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|Paynesville Press - March 26, 2003|
Lake Henry rallies around family
When Jim Liebl of Lake Henry was seriously injured last month in a car accident, the small community proved to be a steadfast support system for him and his family.|
After the car accident, Liebl was airlifted to the St. Cloud Hospital, where he has spent the last month, including three weeks in intensive care. Three days after the accident, he underwent facial reconstruction surgery and a couple days after that he lost the use of his limbs due to swelling against his spinal column. Doctors could not pinpoint a precise cause for the swelling, according to Vicky, Jim's mother, but stated it was likely related to his head injury.
Through it all, friends and family from Lake Henry have made frequent visits to the hospital, as well as helped the Liebl family during Jim's struggle. For instance, when Jim had surgery, over three dozen people waited with his family at the hospital, bringing a stack of pizzas to the hospital to make sure his family and friends got to eat and playing cards to pass the time.
During his month stay, so far, at the St. Cloud Hospital, Jim Liebl and his family have appreciated the support of their family and friends. From right, Jim, his mother Vicky, and brother Joe, uncle Aaron, and Holly Robin watch a movie at the hospital.
"What really shocked me," recounted Dan Liebl, Jim's father, "was when Jimmy went into surgery, there were 37 people in the waiting room. I counted them."
"In ICU, they said that they've never seen so many visitors," said Joe Liebl, Jim's younger brother, a senior at PAHS.
Community support has been so great that Vicky said she'd hug everyone in town if she could. Both parents are extraordinarily grateful to live in the sort of town where residents care so deeply for each other. "I've always liked living here," said Vicky, "but this has been amazing." The community support was evident right after Jim's accident.
After spending the weekend in Lake Henry, Jim, 20, was driving home to Alexandria on a Sunday morning in late February. The 2001 PAHS graduate is nearly finished with the diesel mechanic program at the vocational college in Alexandria. About two miles north of Lake Henry, his car was hit on the passenger side by another vehicle as he was making a left turn.
Jim was airlifted to the St. Cloud Hospital from the hospital in Paynesville, and by the time Dan and Vicky got to St. Cloud they were quite surprised to find about 15 people from Lake Henry - including most of the rescue squad - awaiting their arrival.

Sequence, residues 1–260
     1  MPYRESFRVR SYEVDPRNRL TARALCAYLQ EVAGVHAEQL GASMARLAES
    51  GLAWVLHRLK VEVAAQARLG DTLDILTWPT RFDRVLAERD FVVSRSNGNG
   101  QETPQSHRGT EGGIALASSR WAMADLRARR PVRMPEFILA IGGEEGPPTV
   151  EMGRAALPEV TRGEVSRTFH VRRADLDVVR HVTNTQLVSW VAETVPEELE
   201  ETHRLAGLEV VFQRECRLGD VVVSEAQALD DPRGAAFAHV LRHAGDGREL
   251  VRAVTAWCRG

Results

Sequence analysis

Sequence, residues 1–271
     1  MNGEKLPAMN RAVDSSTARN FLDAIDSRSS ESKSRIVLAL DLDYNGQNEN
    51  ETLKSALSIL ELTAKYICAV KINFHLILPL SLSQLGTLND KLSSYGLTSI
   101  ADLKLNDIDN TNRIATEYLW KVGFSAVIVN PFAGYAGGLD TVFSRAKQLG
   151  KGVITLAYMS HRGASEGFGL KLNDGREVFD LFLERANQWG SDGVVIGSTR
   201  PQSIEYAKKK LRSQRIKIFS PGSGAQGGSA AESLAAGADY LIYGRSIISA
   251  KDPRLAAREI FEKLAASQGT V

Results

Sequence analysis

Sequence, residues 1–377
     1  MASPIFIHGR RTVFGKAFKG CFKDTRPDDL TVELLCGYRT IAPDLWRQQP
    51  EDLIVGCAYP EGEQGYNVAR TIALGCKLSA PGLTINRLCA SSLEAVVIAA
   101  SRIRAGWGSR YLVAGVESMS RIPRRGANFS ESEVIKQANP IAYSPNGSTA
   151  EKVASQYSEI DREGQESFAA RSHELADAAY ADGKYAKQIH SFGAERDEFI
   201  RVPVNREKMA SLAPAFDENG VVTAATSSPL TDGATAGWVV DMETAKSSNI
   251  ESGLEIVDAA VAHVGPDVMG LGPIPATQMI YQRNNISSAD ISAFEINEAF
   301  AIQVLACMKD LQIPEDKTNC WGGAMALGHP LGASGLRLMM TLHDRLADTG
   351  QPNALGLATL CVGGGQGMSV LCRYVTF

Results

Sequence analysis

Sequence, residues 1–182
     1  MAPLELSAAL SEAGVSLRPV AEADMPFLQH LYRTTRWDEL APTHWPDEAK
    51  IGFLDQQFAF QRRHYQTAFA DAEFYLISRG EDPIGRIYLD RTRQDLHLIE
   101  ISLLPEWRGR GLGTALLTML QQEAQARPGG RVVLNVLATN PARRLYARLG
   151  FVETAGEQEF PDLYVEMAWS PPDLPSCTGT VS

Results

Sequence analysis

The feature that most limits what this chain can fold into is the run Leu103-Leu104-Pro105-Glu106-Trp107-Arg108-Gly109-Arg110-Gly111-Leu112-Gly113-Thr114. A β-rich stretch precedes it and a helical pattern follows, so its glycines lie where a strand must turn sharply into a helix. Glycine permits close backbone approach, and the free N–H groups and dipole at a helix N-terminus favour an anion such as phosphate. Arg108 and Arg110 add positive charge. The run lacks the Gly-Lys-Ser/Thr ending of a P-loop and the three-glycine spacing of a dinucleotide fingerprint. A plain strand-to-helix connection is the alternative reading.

The first two weeks after the accident, life was a blur, said Vicky, as the family focused their attention on supporting Jim and keeping him company at the hospital. Back in Lake Henry, the family relied on their neighbors to take care of the dog and look after their house.
Among the visitors at the hospital have been a host of Jim's friends. When Jim wrote down names of people he wanted to see, they basically called every name in his cell phone, said Dan. "Jimmy's got a lot of friends I didn't even know about," said Dan.
"Jim's got some devoted friends," said longtime family friend Dave Hess. "These guys are here everyday. It's unreal."
"In a bigger town you might have one or two good friends," explained Aaron Liebl, Jim's 24-year-old uncle, "but in a smaller town you know everyone."
Dan noted that the number of visitors has dropped off a bit. He speculated that originally about 20 to 30 people visited each day. Now, a month after the accident, Jim is visited by 15 to 20 people - everyday.
In fact, during the first couple weeks, his family sometimes had to limit visits to 10 or 20 minutes, just so everyone waiting had a chance to say hello.
So far the doctors haven't given a definitive prognosis for Jim's recovery. He has started to talk again, though with difficulty since his jaw is still wired shut. Though he is unable to move his legs, he can feel stimuli and has regained limited mobility in his arms.
As is often the case for visitors in Jim's room, it was standing room only for father, Dan (right) and former neighbor and longtime family friend, Dave Hess (left).
The biggest challenge right now is for Jim to regain mobility in his legs. "They don't really know," said Vicky of his prognosis. "They say it could be a month, a year; it could be never."
But, added Vicky, her son is very determined to walk again.
"There's no question," added Aaron, "Jim's going to walk again."
"Jim's got a lot of support behind him," agreed Dan. "We'll do whatever it takes to get him on his feet and back on the baseball field."
Jim plays amateur baseball for the Lake Henry Lakers.
A fund-raising meal and silent auction are being planned to benefit the Leibl family for Friday, May 23. Plans are still in the works, according to Hess, but so far the response from people who want to help has been overwhelming.
The community support has been overwhelming, agreed Dan and Vicky, who both grew up near Lake Henry and are grateful for the support. They have lived in Lake Henry since 1984 and raised both of their sons in the small community with a population of 90.
Dan has been a member of the rescue squad for two decades and was mayor of the town for ten years. For him, the support of the Lake Henry community during Jim's hospitalization is exactly why the family lives there. "I've got friends who live in big towns who don't know their neighbors. That's sad," he said. "I know some who do (know their neighbors) but don't want to know them, which is sadder."
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